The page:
ORA supports objectives that involve clean, healthy, safe and sustainable freshwater management. Our lakes and rivers flow across many borders, including municipal, regional, provincial and country-wide borders. Therefore, it is necessary to consider a Canada Water Agency that uses an integrated watershed and basin approach in its core mission and mandate, acting as an oversight agency.
A highly controversial environmental assessment study under the Ontario Environmental Assessment Act was completed 23 years ago. It concluded that the project would cause adverse effects to fish habitat including severe stormwater and groundwater impacts. The environmental assessment did not evaluate the impacts on species at risk, migratory birds or climate change. This study has not been updated.
The provincial regulatory process is grossly inadequate.
Bill 229 is just the most recent in a long list of omnibus bills containing devastating amendments, exemptions and streamlining of key environmental policy and legislation designed to protect our environment and communities and provide the public and stakeholders with meaningful input. These government actions have created a deep erosion of public trust and confidence. It is unacceptable that it would mislead its citizens and bypass the norms by taking advantage of a world-wide health emergency to aggressively push their destructive agenda through.
While the effects of large hydro projects (200 MW) have been well known and documented for over a century, small (up to 10 MW) and medium sized (10 MW to 200 MW) hydroelectric projects involve many of the same impacts per unit of power generated and, cumulatively, the environmental degradation can exceed that of large hydro projects. Small and medium sized hydro projects are situated on smaller and often more sensitive riverine ecosystems; however, like large hydro projects, will also alter the river’s flow regime and can have significant impacts on the aquatic environment, as flow is a major determinant of a river’s ecological characteristics and its aquatic biodiversity.
A recent study examined scaled hydropower impacts in the Nu River basin of southwestern China, where the researchers calculated impact per MW of capacity across 14 metrics between small and large hydropower projects (with small being below 50 MW as defined in Chinese policy). They found that small hydropower dams had greater impact per MW for 9 of the 14 metrics, including length of river channel affected and impact on habitat designated as conservation priorities.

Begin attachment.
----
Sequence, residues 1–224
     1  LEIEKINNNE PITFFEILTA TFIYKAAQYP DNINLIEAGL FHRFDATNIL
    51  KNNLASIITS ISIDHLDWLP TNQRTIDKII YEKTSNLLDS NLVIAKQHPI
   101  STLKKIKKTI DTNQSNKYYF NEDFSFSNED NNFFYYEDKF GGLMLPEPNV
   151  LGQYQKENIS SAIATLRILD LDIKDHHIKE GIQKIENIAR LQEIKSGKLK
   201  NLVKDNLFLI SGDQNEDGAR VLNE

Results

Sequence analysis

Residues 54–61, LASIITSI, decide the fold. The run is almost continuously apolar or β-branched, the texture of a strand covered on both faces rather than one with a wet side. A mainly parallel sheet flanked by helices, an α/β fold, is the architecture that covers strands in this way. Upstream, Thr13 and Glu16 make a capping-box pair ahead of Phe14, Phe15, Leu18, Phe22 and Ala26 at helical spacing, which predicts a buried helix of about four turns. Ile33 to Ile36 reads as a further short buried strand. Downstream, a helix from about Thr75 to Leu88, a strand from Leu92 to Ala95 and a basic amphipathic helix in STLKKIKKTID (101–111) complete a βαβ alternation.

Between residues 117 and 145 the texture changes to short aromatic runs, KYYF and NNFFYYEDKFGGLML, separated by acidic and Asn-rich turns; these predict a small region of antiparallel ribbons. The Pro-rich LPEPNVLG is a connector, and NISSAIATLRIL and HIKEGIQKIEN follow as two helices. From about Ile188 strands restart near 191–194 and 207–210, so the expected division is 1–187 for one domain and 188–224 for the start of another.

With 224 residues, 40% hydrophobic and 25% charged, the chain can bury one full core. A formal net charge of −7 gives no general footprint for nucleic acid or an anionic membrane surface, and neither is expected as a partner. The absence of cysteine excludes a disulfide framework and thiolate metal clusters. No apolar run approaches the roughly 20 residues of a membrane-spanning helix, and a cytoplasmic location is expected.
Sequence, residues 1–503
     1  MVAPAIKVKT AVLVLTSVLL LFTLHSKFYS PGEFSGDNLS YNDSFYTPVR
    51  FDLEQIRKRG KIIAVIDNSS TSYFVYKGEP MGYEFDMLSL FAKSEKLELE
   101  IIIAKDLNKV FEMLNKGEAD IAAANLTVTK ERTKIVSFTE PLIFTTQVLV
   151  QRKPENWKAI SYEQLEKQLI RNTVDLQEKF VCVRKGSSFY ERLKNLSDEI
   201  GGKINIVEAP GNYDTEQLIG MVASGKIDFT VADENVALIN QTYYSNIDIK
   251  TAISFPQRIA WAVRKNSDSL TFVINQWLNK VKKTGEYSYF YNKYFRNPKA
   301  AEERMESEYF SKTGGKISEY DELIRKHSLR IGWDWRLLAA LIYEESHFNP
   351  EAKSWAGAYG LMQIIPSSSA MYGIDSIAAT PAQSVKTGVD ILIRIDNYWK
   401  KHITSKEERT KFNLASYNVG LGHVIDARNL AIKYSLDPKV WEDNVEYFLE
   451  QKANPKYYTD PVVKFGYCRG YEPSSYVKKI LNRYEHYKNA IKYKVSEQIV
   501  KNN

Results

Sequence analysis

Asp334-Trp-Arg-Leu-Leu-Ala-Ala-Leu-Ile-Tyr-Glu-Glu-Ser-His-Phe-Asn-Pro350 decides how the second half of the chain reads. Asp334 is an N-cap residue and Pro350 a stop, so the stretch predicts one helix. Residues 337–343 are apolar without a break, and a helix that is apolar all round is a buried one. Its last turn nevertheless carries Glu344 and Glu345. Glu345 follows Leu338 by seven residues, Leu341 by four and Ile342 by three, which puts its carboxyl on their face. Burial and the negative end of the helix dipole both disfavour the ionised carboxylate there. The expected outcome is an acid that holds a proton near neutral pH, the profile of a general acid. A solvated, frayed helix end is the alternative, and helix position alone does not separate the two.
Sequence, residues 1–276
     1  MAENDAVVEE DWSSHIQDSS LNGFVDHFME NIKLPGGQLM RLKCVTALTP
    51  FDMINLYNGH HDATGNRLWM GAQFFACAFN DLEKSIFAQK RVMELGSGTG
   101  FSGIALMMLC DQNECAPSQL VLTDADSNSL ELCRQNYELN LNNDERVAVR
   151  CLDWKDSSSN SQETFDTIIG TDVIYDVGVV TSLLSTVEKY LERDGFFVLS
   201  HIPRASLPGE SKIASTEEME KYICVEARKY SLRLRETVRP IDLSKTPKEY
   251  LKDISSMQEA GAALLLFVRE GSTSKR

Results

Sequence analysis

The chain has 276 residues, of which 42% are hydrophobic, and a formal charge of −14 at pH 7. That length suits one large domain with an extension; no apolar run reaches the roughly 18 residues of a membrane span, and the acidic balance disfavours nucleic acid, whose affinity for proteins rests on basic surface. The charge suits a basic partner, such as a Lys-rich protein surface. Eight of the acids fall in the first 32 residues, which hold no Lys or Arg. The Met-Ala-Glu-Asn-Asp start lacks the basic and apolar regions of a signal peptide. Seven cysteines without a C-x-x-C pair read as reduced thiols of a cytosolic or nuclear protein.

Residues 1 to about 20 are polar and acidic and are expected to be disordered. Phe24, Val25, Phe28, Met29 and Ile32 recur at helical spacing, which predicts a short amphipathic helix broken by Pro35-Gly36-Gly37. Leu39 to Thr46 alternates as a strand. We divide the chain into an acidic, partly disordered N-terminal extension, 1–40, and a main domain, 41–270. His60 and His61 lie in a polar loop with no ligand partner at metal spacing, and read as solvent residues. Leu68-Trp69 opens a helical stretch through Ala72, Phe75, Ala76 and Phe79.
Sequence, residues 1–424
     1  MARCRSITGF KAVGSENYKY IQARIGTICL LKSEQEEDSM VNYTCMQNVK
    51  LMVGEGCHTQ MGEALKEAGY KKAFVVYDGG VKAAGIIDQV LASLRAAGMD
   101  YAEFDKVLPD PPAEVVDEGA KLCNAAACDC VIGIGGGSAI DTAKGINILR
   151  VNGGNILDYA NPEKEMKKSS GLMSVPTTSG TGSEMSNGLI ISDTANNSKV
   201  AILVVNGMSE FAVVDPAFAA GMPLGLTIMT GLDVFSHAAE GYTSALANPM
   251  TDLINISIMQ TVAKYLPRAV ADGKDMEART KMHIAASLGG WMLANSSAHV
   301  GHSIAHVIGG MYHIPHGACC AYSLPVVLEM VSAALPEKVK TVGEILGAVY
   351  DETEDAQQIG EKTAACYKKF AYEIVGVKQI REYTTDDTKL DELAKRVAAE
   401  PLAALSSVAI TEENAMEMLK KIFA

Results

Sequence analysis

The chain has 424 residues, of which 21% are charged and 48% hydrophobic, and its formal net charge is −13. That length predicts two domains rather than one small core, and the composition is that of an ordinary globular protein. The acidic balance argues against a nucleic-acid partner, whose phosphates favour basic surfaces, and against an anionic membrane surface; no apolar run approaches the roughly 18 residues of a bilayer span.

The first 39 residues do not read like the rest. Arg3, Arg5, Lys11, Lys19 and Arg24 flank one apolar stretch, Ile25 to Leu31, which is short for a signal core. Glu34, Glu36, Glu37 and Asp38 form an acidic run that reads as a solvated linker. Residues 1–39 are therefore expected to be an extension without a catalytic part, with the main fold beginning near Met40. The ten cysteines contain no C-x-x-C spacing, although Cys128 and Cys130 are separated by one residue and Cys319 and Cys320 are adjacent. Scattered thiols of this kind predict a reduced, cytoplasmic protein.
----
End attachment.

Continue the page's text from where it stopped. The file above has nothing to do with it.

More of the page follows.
Brook trout spawning in a coldwater stream. Film by Steve Noakes
Groups concerned about Erin’s proposed plant effect on coldwater fish, by Keegan Kozolanka
Ontario Rivers Alliance says town has ‘dismissed’ plans to protect Credit River brook trout from Erin wastewater plant, by Alexandra Heck
The Town of Erin (Erin) is in the design phase of a new sewage treatment plant, and the Ontario Rivers Alliance (ORA) is concerned that the sewage plant effluent will endanger some of the most productive and highly valued brook trout populations in the West Credit River. Continue reading
As a basic, the province must have a comprehensive approach to watershed management through flood mapping, mitigation and hazard planning and protection, including services such as wetland protection, climate change adaptation and resilience, biodiversity health and land use planning. In other words, we must be beefing up our public safety and environmental protection efforts, rather than gutting and streamlining key policy and legislation, as well as funding for our regulators.
Join ORA and partners in a project to improve a coldwater Brook Trout fishery and habitat in Hanlon Creek. These Brookies will be jumping for joy when this project is done!!
It has come to ORA’s attention that the Gorrie Dam on the North Maitland River failed as a result of flooding during an extreme rain event on 23 – 24 June 2017, and that Maitland Conservation is considering its options. We understand that no one is more aware of the extremes of a volatile and changing climate than Conservation Authorities, and yours in particular; and we understand the pressure that Conservation Authorities and municipalities are under when communities rally to maintain their coveted mill ponds. However, it is up to all authorities to take a leadership role that places public safety and landscape scale ecological integrity above local individual or group interests.
The focus of the Strategy’s five goals should not just be on “Natural Resources”, but rather on the resilience of the province’s natural heritage landscape, using a watershed approach, in consideration of the cumulative effects of all past, present and future development on our air, land and water. Additionally, the scope of the Strategy must be broadened to encompass a review of all policies, guidelines and legislation that do not support the resiliency, conservation and protection of our streams, rivers, lakes and wetlands in this warming climate. Continue reading
Indigenous communities who have fished, hunted, and lived in Ontario’s north for generations have a unique understanding of how their environment is changing. Elders pass down environmental knowledge that simply doesn’t exist anywhere else. The government and researchers are starting to recognize the value of what elders know and are launching projects to gather traditional knowledge.